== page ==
should not abdicate itself from the responsibility from the activity that it has

outsourced. In other words, there is still a need for the organisation to retain

overall control of its IT services being outsourced. In addition, the

organisation needs to regularly monitor the external contractor to ensure that

they continue to deliver quality service and to perform at the required standard

as agreed in the contract arrangement. To be able to do this, the organisation

must ensure that it can maintain sufficient technically competent "in house"

staff to oversee the contract service agreement.

Before an organisation outsources its IT functions, it is very important that it

prepares a sound full cost estimate for all existing internal computer systems

so that it can determine whether the outsourcing is cost effective. Failure to

do so can be critical. The costing issue of Outsourcing is discussed in more

detail in the section headed "The Economics of Outsourcing"

For any successful outsourcing, a good solid contract is essential. The contract

should also allow for flexibility as it is difficult, in the life cycle of the

contract, to predict every circumstance or cover every eventuality. Successful

outsourcing should be based on partnership between the organisation and the

external contractor.

Outsourcing an organisation's IT functions without proper consultation with

employees can cause a lots of stress among IT staff and reduce their morale. The

result may be a loss of some key technical and specialist staff from the

organisation. A more open and timely communication with employees can minimise

this impact and uphold the staff morale. Organisation can allay the fears by

outlining career options and opportunities for its staff within and outside the

organisation and also by explaining the benefits of outsourcing to those

affected employees.

The Economics of Outsourcing.

There are many reasons a company may choose to outsource its software

development function. These couple of paragraphs address the two main reasons

for this action

1 The conception that outsourcing is cheaper 2 The expertise for

developing the required software product does not exist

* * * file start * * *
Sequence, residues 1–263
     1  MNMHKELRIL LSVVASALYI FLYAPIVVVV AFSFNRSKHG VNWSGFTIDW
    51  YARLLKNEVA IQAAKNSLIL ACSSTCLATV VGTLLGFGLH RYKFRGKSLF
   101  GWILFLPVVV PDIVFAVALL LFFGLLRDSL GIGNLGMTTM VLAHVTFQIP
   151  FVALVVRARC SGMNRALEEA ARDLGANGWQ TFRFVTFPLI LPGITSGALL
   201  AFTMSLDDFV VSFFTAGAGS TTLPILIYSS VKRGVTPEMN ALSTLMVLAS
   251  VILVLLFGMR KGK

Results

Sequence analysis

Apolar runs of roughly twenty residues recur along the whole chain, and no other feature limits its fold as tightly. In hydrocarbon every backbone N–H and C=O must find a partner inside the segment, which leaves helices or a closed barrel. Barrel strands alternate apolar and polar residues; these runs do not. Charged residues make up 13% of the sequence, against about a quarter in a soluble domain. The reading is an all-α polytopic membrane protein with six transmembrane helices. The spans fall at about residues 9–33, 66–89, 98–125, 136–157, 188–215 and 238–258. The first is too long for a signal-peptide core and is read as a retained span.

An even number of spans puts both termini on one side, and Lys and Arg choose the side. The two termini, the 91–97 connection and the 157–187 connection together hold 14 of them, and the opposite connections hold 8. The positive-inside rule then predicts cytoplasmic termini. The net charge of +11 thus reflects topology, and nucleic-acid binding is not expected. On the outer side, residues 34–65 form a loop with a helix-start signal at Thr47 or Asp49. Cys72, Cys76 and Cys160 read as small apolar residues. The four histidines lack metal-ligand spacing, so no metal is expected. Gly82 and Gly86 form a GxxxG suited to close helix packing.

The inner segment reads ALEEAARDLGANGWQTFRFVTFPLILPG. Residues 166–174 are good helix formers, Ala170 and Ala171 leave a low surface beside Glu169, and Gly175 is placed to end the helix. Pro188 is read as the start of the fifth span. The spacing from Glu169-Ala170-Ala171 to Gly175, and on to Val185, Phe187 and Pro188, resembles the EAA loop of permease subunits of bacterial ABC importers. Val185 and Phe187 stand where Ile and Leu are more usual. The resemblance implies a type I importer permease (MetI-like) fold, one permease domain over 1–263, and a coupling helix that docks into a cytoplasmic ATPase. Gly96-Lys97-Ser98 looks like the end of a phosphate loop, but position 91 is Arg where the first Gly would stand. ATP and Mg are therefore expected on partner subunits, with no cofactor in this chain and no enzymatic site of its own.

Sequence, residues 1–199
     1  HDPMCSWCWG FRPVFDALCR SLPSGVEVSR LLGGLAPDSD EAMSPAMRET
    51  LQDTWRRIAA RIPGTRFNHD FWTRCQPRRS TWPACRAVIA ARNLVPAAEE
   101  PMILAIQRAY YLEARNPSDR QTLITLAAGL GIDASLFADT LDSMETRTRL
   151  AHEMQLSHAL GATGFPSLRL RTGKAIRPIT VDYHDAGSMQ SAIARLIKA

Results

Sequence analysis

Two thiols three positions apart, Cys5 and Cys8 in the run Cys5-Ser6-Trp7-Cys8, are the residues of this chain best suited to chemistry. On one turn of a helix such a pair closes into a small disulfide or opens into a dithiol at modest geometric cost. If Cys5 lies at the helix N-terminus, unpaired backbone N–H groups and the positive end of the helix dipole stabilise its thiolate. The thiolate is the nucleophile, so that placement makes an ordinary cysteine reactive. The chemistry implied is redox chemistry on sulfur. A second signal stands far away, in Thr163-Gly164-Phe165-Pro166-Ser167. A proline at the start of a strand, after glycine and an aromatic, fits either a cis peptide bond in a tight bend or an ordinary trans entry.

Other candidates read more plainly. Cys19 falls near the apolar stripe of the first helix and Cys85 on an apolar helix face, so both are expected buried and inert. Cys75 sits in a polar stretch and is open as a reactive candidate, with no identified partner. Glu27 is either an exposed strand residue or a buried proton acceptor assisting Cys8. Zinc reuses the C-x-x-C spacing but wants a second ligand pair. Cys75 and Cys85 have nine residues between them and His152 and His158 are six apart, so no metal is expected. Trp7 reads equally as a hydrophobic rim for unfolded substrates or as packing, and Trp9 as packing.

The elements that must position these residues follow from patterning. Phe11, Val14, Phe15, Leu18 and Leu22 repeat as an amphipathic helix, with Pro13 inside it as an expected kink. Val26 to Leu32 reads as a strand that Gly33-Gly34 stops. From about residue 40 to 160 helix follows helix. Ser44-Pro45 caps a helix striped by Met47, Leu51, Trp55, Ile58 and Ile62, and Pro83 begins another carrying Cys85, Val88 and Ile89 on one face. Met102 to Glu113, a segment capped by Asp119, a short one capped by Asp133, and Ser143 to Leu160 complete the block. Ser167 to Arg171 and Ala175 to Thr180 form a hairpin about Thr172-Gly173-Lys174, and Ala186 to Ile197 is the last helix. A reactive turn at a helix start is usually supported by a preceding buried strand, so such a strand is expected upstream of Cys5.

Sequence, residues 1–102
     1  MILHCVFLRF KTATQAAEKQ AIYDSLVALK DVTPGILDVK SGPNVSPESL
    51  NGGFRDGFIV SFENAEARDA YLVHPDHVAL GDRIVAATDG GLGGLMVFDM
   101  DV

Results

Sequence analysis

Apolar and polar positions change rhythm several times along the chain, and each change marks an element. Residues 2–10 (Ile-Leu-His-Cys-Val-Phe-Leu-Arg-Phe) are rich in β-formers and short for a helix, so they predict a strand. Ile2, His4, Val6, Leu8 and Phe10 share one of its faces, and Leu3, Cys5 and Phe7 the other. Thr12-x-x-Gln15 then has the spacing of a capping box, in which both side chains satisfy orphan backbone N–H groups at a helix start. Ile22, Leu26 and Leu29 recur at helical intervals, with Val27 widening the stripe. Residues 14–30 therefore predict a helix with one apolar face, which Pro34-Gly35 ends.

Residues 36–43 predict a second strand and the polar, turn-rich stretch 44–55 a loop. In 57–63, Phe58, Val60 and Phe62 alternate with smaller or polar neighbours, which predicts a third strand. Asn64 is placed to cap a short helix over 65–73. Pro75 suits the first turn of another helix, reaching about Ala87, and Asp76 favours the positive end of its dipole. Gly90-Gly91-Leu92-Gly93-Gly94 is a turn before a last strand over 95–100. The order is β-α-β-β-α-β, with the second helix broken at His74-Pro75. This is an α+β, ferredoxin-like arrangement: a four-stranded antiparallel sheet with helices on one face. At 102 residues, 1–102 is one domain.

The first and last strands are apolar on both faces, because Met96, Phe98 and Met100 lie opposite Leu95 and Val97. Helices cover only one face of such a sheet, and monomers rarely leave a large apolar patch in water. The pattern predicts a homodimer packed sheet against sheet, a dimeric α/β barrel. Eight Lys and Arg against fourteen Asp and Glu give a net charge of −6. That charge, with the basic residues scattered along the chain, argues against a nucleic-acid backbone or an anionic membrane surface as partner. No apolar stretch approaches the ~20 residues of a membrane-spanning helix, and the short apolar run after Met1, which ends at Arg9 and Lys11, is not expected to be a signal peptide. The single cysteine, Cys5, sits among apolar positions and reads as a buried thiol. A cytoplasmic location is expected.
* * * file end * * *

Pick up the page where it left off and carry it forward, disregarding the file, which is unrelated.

within the company.

In the past, it was difficult to compare the cost of outsourcing a software

product against the cost of in- house development, mainly because there was no

functional sizing metric agreed upon prior to the start of the contract. As

function points grow in popularity and gain wider acceptance as an accurate

measure of software size, more firms will be better equipped to compare

outsourcing firms with in-house development teams. In all sophisticated

industries cost per unit (or average cost) is an important consideration, where

average cost is total cost divided by total output. The same concept can be

applied to software development using function points. Total development cost

divided by total function points is an average cost calculation. Once average

cost is determined, all prospective developers, in-house and outsource, can be

compared on an equal basis.

Just as important is the ability to adequately evaluate the delivered product,

considering several factors: size, quality, time to market, and so on. Using

functional metrics total delivered function points can be contractually agreed

upon prior to the start of the contract, assuming the company contracting the

software development has clearly defined the final product. This is a dramatic

change in the way software projects historically are managed. Any change in the

number of total delivered function points once the project begins will impact

the average cost calculation. Changes, additions, and even deletions to the

software become more expensive per unit as you move through the development life

cycle. Since the consumer of the custom built software wants to minimise unit